Dropping temperatures and shrinking days, balding trees and nights that suck up the morning, frosty windows and chilly fingers, winter is on its way. As a foreigner the Dutch winter takes me by surprise every year, like an icy assassin. The lack of daylight hours leaves me listless and grumpy and I am all too often confronted by the heavy reality of gravity as icy pathways whip my feet and my bike out from under me. I spend far too much time in the winter months lying on frozen pavements, which has bought me to the conclusion that concrete is even harder when it’s frozen. I loose all contact with my toes from November through to March, and when the feeling finally returns to my distant digits I feel like 10 strangers have been attached to my body.
I also start moulting, like a snake loosing its skin I leave items of clothing all over Holland; A scarf at a friend’s house, an umbrella in the train, another in the umbrella parking lot (a large metal bin next to the entrance) in a department store. I have particular issues with gloves; a left hand forgotten in a café, a right hand travelled on to Amsterdam after I exited the train several stops earlier, another glove jumps ship out of my jacket pocket onto a cold city street and a gaping (as yet unnoticed) hole in my jacket pocket allows a pair of brand new mittens to make a stealthy escape. I feel like I am leaving a trail so I can find my way home…. Just follow the fluffy accessories. But, every winter as I walk through the frozen streets I take great comfort in the fact that I’m not the only one shedding my winter woolies all over the city. Every winter after the first frozen mornings I start to notice lone gloves on side walks, lost scarves in public transport or a beanie left hanging on the back of a café chair. I can’t help but feel sorry for these lost pieces of winter armour. They are like ‘fallen soldiers’ lost tragically in a valiant fight against cold ears and frostbitten fingers. Every time I see one of these fallen soldiers I can’t help but think about the cold hand somewhere, that will reach into a jacket pocket chilled fingers fumbling awkwardly only to discover that the woolly finger armour that it expected to find is alas, nowhere to be found. The fingers are then forced to soldier on unarmed and defenseless against the attack of the winter chill. I started collecting these ‘fallen soldiers’ out of sympathy a couple of years ago and I am now cultivating a glove orphanage in the bottom of my closet.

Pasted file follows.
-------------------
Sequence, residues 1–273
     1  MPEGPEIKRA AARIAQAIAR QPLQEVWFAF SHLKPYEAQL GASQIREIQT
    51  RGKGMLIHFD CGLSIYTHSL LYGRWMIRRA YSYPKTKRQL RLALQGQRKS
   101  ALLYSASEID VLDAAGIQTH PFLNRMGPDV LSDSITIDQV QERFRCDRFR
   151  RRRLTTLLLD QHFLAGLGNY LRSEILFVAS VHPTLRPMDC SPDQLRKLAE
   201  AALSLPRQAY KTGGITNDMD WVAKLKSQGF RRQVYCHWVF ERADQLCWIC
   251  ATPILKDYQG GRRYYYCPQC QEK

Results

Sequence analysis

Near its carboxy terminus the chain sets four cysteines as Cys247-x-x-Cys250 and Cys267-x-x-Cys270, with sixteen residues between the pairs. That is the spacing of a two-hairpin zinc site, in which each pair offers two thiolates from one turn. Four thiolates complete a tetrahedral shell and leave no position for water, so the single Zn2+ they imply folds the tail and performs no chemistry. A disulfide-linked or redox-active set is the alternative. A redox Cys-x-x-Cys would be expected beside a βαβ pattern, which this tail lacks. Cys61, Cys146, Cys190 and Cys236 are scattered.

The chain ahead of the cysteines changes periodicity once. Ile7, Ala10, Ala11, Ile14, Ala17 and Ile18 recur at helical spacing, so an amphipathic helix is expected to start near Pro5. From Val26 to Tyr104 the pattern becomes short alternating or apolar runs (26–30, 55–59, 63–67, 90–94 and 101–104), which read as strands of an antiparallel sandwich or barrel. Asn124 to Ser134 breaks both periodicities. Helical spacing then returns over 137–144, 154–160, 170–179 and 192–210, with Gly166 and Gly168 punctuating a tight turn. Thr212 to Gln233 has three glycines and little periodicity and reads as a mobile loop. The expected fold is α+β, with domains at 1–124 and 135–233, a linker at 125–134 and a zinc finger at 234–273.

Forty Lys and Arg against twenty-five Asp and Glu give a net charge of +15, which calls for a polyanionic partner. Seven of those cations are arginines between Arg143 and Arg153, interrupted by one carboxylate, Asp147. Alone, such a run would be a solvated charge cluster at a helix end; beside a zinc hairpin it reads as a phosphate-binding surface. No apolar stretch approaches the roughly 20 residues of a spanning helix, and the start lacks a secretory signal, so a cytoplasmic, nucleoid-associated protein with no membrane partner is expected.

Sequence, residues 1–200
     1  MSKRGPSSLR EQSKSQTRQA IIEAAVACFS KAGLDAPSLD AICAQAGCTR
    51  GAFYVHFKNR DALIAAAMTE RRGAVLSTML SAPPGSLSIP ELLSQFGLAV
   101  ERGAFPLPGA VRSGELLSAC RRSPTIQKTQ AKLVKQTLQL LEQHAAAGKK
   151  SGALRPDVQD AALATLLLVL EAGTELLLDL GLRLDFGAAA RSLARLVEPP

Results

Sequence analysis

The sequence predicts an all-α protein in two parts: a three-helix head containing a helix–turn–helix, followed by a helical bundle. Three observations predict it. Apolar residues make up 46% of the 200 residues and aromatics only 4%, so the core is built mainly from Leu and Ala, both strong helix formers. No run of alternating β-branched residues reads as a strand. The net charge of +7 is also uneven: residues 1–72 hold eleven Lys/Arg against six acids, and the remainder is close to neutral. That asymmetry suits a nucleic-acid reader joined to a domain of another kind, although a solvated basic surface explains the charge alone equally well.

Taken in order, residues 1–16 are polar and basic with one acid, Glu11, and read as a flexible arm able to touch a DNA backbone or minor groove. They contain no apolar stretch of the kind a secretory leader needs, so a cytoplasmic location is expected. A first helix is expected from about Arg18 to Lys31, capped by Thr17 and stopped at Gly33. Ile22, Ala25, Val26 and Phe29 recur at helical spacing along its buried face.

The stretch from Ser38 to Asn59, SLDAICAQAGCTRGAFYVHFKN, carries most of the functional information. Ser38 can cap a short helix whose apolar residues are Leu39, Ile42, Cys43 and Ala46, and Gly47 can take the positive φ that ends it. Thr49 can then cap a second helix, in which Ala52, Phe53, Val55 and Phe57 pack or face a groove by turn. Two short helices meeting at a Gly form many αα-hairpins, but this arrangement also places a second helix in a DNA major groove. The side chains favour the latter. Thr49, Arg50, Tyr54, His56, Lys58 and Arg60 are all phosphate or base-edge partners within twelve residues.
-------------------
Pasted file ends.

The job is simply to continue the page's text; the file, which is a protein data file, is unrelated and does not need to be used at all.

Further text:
But the ‘fallen soldiers’ I have the most sympathy for are the umbrellas. Despite their inherently flawed design they do their up-most to protect us against the almost ever inclement Dutch weather, but their flimsy wire frames and cheap material are no match for fierce winter winds that rip them inside out, twisting wire arms and ripping material leaving it flapping sadly in the wind. Then if that’s not enough torture, once they are wind battered and broken they are stuffed into a garbage bin or discarded in a gutter because no one ever goes to the effort of fixing an umbrella, they’re just not worth it. Ah… the miserable plight of the umbrella, such an unappreciated accessory…
Whilst I try to spend plenty of time frolicking in the snow, breathing warm air into cold hands and other such cliché winter related activities I think I prefer the winter hibernation, curled up on couches, under blankets and perched on café stools whilst partaking in more than my fair share of warm beverages, everything from tea to mulled wine. I particularly like to wipe the condensation from the inside of a foggy window just enough to give me a peep hole into the outside world, and from this vantage point I decided that winter is actually quite pretty. I just prefer to observe it behind glass, preferably near something that is giving off warmth.